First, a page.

Date of Conferral







Peggy Gallaher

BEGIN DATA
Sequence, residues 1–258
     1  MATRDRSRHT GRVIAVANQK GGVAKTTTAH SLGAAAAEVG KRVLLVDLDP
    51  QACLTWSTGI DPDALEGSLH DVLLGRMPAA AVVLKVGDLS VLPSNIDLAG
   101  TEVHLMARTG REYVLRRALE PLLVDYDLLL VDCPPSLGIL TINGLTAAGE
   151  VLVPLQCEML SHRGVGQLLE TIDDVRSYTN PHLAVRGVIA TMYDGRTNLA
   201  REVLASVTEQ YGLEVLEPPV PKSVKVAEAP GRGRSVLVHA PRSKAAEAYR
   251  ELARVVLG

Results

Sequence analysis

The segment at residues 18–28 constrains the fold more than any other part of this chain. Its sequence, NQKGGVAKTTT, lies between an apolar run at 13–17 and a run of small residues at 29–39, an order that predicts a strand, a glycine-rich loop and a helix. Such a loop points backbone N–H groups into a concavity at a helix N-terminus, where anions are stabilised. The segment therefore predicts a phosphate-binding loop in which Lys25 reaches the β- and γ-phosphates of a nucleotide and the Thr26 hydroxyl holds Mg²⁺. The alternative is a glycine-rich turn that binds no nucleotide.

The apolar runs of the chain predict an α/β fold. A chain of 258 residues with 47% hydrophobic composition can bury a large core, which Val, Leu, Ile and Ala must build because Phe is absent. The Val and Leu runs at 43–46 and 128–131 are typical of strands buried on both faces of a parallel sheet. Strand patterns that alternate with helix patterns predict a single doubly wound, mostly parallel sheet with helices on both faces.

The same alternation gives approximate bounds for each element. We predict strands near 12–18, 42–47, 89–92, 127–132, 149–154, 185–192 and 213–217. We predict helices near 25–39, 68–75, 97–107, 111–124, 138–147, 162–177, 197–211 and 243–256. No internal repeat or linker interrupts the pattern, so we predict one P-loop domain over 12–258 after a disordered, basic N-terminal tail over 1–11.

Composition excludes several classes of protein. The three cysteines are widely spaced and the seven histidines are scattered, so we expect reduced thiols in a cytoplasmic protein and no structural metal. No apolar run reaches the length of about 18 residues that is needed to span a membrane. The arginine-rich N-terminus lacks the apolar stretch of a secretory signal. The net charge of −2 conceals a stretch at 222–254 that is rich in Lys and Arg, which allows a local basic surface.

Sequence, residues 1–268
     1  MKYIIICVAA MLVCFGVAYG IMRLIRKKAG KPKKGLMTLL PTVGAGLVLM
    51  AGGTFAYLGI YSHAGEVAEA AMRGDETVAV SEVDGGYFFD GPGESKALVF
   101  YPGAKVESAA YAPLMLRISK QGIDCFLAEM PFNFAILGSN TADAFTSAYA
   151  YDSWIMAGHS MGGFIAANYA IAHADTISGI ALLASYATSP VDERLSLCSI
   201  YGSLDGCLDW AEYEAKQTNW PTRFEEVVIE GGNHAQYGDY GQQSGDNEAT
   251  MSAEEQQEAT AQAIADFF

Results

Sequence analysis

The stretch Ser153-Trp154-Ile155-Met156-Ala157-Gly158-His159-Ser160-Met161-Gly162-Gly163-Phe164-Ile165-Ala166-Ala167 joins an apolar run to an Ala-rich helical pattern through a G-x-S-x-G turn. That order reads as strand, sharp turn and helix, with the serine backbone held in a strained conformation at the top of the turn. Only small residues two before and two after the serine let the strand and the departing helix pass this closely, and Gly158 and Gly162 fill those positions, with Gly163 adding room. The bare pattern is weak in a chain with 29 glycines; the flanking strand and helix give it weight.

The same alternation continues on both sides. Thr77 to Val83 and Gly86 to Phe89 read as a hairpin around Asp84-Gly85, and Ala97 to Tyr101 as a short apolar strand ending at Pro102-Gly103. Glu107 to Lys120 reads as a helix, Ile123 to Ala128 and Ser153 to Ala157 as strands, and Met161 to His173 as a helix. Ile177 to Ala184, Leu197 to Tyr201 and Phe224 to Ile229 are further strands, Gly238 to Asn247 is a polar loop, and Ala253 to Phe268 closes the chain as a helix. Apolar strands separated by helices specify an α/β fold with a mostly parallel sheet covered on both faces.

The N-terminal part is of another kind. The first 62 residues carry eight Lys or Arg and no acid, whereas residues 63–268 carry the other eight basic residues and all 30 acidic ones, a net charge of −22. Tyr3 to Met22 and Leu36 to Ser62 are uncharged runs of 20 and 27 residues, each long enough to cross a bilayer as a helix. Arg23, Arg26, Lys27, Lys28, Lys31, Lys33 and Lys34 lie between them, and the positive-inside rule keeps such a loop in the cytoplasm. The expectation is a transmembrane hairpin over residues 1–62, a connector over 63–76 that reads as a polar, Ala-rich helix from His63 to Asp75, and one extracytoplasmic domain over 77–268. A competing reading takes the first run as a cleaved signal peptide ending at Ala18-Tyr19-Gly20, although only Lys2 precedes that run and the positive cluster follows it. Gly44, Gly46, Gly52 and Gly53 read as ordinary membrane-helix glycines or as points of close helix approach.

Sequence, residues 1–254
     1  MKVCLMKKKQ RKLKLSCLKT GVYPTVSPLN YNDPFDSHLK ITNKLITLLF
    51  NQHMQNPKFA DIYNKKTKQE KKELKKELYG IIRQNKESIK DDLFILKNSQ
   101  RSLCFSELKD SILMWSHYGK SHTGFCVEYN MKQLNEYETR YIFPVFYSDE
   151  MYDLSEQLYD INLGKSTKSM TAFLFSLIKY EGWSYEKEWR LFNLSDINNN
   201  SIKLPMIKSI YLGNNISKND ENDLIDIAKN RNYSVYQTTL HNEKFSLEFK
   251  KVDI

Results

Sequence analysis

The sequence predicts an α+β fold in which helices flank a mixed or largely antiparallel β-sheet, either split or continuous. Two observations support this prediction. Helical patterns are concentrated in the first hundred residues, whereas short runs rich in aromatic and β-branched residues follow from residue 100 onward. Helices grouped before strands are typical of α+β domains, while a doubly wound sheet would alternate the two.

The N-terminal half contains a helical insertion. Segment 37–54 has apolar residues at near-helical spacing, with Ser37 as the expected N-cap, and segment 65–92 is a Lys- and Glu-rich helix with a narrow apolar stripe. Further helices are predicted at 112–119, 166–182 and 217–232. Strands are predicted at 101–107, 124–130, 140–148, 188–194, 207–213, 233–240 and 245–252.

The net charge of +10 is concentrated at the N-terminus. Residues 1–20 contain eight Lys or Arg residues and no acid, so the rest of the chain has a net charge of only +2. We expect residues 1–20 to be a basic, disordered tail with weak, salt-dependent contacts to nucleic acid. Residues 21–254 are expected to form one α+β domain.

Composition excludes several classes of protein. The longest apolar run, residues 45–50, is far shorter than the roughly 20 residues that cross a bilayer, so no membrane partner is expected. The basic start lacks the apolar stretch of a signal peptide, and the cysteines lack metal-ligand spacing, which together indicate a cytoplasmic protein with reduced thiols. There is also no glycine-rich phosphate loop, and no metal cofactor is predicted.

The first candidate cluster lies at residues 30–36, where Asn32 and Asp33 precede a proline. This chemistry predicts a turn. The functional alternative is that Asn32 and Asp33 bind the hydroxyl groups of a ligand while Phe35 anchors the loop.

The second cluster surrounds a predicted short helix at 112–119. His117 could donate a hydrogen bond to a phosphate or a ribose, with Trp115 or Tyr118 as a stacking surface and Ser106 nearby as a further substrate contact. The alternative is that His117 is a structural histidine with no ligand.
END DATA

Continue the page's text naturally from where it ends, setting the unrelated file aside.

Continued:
Missed psychotherapy appointments inhibit mental health treatment, limit the availability of treatment to those waiting for care, and reduce clinician revenue. Previous research has revealed that the factors that predict missed appointments vary depending on the geographic location in which that research is conducted. There is not a complete understanding of the characteristics of people who miss appointments in a rural context. This study used information from 281 client records to examine the predictive relationships among missed appointments and the distance traveled to the clinic, mental health diagnosis, age, and gender at a rural outpatient mental health clinic. The purpose of this research was to identify the factors that significantly predicted if clients missed 30% or more scheduled psychotherapy appointments. The health belief model was used as the framework. Logistic regression analysis revealed that clients with a diagnosis of depression, bipolar disorder, or anxiety were more likely to miss 30% or more appointments. The distance traveled to the clinic did not predict missed appointments. This finding deviates from results in previous literature which found that long travel distances increase the likelihood of missed appointments. This could be due to the geographic region or how the client records were selected in this study. This study can have a positive impact by informing rural mental health clinics of factors that may predict the likelihood of missed appointments. Clinics could then use the information to develop empirically-supported retention interventions. Retention interventions could promote social change by increasing appointment attendance, which could improve overall patient care and reduce health care waste accrued by missed appointments.